Wednesday, May 28, 2008

Journalists Offer Tips for Making Sure You Get Media Buzz

Some journalist friends were commenting online recently about the best ways for small businesses, small nonprofit organizations, and others to get that free media attention known as publicity. They gave me permission to share their advice here so that more could benefit from their wisdom:

  • Keep your press releases short and as to the point as possible.
  • Always ask yourself this question: Would YOU read about your press release topic if it featured another business?
  • Watch for trends and use them to pitch stories that will help put a spotlight on your business or organization.
  • Be willing to tell the story of how you coped when things went wrong. Conflict is the crux of a good story.
  • Put the point in the first paragraph of the press release. If you're telling me about your new restaurant, get the opening of a new restaurant in the first graph, don't give me four graphs about the local foodie scene and the chef's mother first.
  • Include complete contact info.
  • Don't send giant photo files.
  • If your press release is in plain text and in the body of the e-mail rather than in an attachment, I already like you better than people who sent attachments.
  • Who needs a press release? Just send the basic facts in a basic format. "Hi. I'm John Smith and I have a story that I think your readers will be interested in."
  • Show that you read the paper. Suggest where your story might fit. If you send it to several editors (and that's OK), you can mention that you did so and we won't hold it against you.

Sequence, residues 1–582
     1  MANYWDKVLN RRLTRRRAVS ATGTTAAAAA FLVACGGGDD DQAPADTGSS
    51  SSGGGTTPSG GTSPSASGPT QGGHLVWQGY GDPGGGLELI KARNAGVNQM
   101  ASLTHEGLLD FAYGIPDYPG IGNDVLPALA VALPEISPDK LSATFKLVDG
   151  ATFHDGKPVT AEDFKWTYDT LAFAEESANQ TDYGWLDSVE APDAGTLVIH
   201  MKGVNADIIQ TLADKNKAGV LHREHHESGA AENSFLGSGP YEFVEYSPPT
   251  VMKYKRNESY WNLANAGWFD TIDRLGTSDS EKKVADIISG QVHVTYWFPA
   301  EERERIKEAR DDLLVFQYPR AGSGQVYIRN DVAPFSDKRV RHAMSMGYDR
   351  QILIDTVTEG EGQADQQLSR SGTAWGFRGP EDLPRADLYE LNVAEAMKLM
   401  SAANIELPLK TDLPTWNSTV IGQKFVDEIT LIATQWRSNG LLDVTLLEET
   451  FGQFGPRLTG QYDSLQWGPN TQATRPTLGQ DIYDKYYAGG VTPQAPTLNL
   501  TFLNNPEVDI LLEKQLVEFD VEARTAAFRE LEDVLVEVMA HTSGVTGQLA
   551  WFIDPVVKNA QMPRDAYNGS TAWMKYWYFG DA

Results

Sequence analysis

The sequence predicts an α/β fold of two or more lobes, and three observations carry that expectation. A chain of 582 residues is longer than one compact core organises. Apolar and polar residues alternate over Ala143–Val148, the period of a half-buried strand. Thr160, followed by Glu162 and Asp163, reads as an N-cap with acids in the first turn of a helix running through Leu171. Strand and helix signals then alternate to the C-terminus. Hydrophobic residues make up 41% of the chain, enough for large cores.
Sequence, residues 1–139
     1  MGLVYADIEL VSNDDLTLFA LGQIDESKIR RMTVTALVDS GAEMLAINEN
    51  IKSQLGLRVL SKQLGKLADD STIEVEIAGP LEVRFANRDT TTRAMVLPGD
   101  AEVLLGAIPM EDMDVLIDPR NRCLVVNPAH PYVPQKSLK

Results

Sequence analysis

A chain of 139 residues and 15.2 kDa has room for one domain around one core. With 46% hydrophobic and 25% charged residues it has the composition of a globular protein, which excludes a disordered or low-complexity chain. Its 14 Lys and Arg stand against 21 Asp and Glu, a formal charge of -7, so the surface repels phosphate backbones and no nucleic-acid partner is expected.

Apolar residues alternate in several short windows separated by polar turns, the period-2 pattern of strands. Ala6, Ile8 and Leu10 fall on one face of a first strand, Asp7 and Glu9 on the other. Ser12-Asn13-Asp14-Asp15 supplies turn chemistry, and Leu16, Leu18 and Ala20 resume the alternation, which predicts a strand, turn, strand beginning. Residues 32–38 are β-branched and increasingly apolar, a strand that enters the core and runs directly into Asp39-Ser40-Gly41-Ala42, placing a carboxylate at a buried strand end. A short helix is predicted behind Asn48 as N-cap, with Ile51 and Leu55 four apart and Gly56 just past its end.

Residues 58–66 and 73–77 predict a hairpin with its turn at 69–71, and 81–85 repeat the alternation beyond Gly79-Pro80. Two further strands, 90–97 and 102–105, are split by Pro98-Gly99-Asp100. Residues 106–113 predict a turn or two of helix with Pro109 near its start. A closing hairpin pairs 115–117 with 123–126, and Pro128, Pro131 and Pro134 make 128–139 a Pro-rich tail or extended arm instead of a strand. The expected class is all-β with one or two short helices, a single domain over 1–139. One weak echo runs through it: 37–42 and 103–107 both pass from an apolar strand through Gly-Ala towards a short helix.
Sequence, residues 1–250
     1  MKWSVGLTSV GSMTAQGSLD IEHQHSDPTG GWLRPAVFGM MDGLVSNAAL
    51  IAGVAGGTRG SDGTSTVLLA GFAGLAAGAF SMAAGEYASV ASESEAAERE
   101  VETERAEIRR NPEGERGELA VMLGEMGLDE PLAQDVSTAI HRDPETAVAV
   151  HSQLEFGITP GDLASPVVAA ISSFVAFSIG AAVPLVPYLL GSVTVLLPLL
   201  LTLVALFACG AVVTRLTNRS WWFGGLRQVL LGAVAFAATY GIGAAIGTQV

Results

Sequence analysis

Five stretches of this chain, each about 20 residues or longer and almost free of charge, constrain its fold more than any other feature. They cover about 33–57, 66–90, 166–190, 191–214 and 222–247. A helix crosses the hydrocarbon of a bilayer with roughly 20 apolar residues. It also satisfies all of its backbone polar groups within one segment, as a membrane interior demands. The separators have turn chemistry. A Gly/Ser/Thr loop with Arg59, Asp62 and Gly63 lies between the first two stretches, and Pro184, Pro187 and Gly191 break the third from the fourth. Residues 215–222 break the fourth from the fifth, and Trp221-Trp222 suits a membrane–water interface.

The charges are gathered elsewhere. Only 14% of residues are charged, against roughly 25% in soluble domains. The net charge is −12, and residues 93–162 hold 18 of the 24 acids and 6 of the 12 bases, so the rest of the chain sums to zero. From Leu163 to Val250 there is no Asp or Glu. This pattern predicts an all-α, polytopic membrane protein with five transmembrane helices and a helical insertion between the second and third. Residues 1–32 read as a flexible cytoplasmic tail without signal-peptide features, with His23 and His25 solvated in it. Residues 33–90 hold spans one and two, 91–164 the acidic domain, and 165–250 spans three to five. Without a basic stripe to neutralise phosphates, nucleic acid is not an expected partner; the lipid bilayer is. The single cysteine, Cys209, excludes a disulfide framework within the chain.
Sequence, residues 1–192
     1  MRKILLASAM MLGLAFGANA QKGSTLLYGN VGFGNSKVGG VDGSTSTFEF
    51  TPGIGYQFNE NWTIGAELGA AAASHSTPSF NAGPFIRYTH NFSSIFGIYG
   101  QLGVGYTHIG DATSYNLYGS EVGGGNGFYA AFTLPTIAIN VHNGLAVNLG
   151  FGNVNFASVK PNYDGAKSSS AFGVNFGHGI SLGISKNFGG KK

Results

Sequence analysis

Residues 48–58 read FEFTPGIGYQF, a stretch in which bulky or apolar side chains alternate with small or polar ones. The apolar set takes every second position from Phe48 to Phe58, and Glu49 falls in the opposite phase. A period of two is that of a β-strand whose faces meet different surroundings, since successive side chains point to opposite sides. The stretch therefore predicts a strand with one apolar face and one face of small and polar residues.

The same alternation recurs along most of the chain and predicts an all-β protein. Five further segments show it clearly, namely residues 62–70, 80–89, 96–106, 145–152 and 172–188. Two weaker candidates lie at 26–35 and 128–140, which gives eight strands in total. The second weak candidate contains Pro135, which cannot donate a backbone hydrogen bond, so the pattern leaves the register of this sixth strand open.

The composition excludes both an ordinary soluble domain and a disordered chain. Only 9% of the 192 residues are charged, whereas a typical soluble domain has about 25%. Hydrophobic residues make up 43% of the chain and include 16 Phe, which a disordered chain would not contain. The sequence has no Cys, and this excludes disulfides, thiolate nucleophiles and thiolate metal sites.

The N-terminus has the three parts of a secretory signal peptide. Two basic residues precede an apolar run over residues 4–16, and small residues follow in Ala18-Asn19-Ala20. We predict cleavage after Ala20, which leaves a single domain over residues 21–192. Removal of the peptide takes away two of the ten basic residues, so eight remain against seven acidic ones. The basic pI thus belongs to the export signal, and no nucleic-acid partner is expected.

• Respond quickly when a reporter calls you. They may be looking for sources who are available that day or that week. If you're not ready, they will move on to someone else. I used to do shopping guides, and I was amazed at how many stores refused to answer basic questions, such as hours. So I left them out and moved on to someone else.
  • If you are the business owner yourself, you can call a few times to follow up. If you are a local PR person, you can call once. If you are an out-of-town PR person, don't call.
  • Don't call to find out if your item has been in the paper, don't ask me to help you find it on the Web site and don't ask me to send you a clipping. It shows you don't read the paper, so why would I waste my time putting you in it?

This is all just common sense, but sometimes we need to be reminded.


Tracy said...

Oh, good information!

I usually put the body of the press release in the email itself but always wondered if that was the right way to go about it.


Sandra Beckwith said...

Hi Tracy,

How are you? (The photo didn't fool me.)

Yes, paste the press release into the body of the e-mail.